WHRB’s Guide to Pitchfork Fest 2023
// Earl Sweatshirt plays Pitchfork Festival 2022. Courtesy of Pooneh Ghana
Pitchfork Music Festival runs from July 21 to 23 in Chicago, and we’ll be covering the whole thing. Don’t know which acts to see? WHRB DJs byeby and naiad share some of their picks.
FRIDAY, JULY 21
Nourished by Time: Green Stage, 1–1:40 p.m.
Erotic Probiotic 2, singer/songwriter/producer Marcus Brown’s debut album, comes fast and loose. The Baltimore native melds dance, R&B, pop, and countless other influences with wildly creative production choices. Listen to “Daddy,” a thumping banger that washes its anticapitalist critique in layers of humor and longing, or to the way Brown’s vocals split and multiply across dimensions in “The Fields.” After Pitchfork, Nourished by Time will open for Strange Ranger on their tour this fall. —Bea Wall-Feng
MAVI: Blue Stage, 2:45–3:30 p.m.
MAVI played Somerville’s Crystal Ballroom in May; lucky for us, because 2022’s Laughing so Hard, it Hurts is a coronation. The Charlotte rapper’s second album weaves dense rhyme schemes through hyperchromatic lofi production, but he trades the genre’s famous opaqueness in for a piercing vulnerability. What results is one of the most surprising, inventive albums of the year, from the bruised sweetness of standout “3 Left Feet” to the blown-out overflow of “Baking Soda.” —Bea Wall-Feng
Grace Ives: Red Stage, 3:20–4:10 p.m.
Grace Ives's Janky Star, from 2022, falls just under half an hour long. Its 10 pop songs are tightly packed but they don't feel that way — crisp and subtly sparkling, they create room within themselves for humor and storytelling. Ives's vocals are conversational and complemented by a playful variety of synth tones and patterns. A standout track from Janky Star, “Shelly,” is about a crush. In my favorite lyric, Ives sings, “I wanna one two three four five her.” —Mika Simoncelli
Youth Lagoon: Green Stage, 4:15–5:10 p.m.
Youth Lagoon, the solo project of Trevor Powers, returned last month from an eight-year hiatus. If 2011’s The Year of Hibernation, a beautiful album in its own right, evokes a dream state, 2023’s Heaven is a Junkyard is awake and feeling everything. Powers's vocals live in a quiet falsetto, unsteady yet guiding us through lyrics that are starkly honest about the subject of death and also boldly imaginative, full of vivid imagery. We’re excited to see how this intimate album will translate to a festival setting. —Mika Simoncelli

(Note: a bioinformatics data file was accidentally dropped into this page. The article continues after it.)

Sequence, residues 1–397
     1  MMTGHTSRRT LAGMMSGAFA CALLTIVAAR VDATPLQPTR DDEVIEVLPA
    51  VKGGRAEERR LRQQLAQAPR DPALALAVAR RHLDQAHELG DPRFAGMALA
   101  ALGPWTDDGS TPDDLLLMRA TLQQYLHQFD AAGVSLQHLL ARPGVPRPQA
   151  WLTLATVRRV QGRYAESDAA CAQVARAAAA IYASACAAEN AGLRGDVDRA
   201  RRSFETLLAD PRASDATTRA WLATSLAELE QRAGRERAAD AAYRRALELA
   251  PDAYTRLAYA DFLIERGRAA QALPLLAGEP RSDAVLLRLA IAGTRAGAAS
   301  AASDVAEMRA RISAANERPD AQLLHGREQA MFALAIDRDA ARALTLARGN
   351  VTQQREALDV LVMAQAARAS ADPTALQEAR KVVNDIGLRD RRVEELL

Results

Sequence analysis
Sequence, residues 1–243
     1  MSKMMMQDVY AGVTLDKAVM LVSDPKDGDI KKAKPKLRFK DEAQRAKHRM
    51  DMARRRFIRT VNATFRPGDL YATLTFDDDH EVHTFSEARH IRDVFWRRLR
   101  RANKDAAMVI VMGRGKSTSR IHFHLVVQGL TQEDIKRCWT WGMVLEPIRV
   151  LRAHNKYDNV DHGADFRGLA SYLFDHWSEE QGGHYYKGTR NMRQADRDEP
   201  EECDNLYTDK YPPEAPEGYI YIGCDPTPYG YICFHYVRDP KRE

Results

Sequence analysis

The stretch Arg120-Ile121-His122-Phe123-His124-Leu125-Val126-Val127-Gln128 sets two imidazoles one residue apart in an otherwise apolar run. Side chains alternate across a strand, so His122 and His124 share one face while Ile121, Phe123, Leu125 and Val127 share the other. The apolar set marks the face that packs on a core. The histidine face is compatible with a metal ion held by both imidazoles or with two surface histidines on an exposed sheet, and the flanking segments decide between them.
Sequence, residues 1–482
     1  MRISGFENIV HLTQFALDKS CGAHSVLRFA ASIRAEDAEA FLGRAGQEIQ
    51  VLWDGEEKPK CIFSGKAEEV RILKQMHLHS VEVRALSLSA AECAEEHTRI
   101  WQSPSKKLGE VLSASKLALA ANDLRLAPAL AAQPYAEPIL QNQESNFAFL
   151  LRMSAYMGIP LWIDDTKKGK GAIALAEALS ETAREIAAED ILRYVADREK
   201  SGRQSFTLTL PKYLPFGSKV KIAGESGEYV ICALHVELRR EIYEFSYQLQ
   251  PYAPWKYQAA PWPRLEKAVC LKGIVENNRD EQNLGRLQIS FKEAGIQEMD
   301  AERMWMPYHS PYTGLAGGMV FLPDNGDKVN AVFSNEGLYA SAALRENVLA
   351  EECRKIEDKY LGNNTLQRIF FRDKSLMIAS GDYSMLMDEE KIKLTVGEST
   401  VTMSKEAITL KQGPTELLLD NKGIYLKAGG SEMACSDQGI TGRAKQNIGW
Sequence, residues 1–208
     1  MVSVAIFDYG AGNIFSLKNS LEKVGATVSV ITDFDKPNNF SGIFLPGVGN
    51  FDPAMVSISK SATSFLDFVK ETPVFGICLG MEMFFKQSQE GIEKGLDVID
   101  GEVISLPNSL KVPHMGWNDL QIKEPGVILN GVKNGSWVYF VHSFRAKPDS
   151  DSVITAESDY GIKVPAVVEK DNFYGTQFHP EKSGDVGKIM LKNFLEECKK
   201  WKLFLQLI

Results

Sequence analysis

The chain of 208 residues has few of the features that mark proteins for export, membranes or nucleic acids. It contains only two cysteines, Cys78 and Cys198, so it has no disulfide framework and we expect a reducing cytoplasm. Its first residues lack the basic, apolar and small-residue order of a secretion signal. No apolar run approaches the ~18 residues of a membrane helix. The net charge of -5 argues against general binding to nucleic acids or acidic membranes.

Leikeli47: Blue Stage, 7:45–8:30 p.m.
Lekeili47's music embraces the fullness of everyday life in nail salons and hair salons, subways and sidewalks where Black communities congregate. My favorite song of hers is “Hoyt and Schermerhorn” from 2018's Acrylic. It's a delighted, sweet love song that takes place on the subway, named for a station in Brooklyn. “The brakes make us move back and forth just like we’re dancing,” she sings, and, brakes or no brakes, we can’t wait to dance too. —Mika Simoncelli
SATURDAY, JULY 22
700 Bliss: Green Stage, 2:30–3:15 p.m.
700 Bliss combines the forces of poet/rapper Moor Mother and producer DJ Haram to stunning effect. The duo’s debut album, Nothing to Declare, is in turns militaristic and fluid, shattering Moor Mother’s visionary rapping across dark, provocative club beats and bursts of clattering abrasion; somewhere, the line disappears. Their music is noise as protest as catharsis, and we can’t wait to see it live. —Bea Wall-Feng
Yaya Bey: Blue Stage, 6:30–7:15 p.m.
Yaya Bey’s most recent album, Remember Your North Star, and its companion EP Exodus the North Star — the latter of which came out this year — flit through jazz, neo-soul, and hip-hop as easy as breathing. The singer-songwriter’s sound has expanded since the lo-fi days of 2020’s Madison Tapes, but she’s still searching, in dusty pockets of melody and all across Brooklyn, for love and the peace to claim it. After playing Pitchfork on Saturday, she’ll be in San Francisco in August for Outside Lands. —Bea Wall-Feng